US Authorities Will Not Allow Boeing-737 Max Flights Until The End Of 2020
The Boeing-737 MAX aircraft will most likely not be able to resume flights until early 2021. The US Federal Aviation Administration (FAA) decided to request the opinion of interested parties before approving changes to the software and equipment of the aircraft. The regulator will not be able to complete work on lifting restrictions on 737 MAX flights, introduced in 2019, until the end of October or early November, the newspaper writes.
It is expected that the process of training pilots and checking the technical condition of Airliners, as well as obtaining appropriate FAA approval, will stretch until the end of December. Only then will the Airliners be able to fly.
In the near future, the FAA plans to issue a Notice of Proposed Rulemaking (NPRM) for an Airworthiness Directive (AD) affecting the Boeing 737 MAX. In keeping with our commitment to remain transparent, the NPRM will provide 45 days for the public to comment on proposed design changes and crew procedures to mitigate the safety issues identified during the investigations that followed the Lion Air and Ethiopian Airlines accidents.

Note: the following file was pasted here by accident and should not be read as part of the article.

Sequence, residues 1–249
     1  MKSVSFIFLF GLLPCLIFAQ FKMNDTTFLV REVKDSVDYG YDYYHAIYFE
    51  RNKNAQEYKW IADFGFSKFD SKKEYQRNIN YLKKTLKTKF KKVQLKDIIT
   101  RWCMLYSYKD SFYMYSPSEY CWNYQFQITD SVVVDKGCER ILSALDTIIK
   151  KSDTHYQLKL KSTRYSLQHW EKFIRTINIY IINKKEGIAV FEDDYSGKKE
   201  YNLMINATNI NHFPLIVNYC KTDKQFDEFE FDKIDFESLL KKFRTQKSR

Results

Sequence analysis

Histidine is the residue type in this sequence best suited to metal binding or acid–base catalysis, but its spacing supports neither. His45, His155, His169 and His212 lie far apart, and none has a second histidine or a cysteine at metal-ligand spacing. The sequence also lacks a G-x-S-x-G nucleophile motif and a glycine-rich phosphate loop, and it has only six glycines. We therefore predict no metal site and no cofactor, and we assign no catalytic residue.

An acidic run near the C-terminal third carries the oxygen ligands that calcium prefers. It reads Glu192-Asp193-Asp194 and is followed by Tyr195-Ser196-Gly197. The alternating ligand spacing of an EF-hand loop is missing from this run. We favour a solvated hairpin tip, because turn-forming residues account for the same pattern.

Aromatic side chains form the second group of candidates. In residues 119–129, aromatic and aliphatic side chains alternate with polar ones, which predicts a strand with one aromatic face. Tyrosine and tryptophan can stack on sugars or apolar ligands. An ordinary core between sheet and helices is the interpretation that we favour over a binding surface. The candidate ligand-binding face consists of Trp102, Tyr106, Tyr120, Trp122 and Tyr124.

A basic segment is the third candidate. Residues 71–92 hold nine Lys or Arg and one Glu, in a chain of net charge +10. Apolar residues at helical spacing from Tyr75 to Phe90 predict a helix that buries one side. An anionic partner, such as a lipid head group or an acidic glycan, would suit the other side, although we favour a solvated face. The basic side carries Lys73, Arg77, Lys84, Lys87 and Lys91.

A Boeing spokesman said the company is working closely with the FAA and other international regulators to "meet their expectations as we work to safely resume 737 MAX operations." The timing will be determined by regulators, he added.
Mach 737 flights were suspended worldwide in March 2019 after two plane crashes. In March 2019, 157 people were killed when a plane of this model of Ethiopian Airlines crashed. In October 2018, 189 people were killed in the crash of the Boeing 737 MAX of the Indonesian company Lion Air. The cause of the accidents was inconsistencies in the software of the 737 MACH, which prevented the pilots from controlling the aircraft.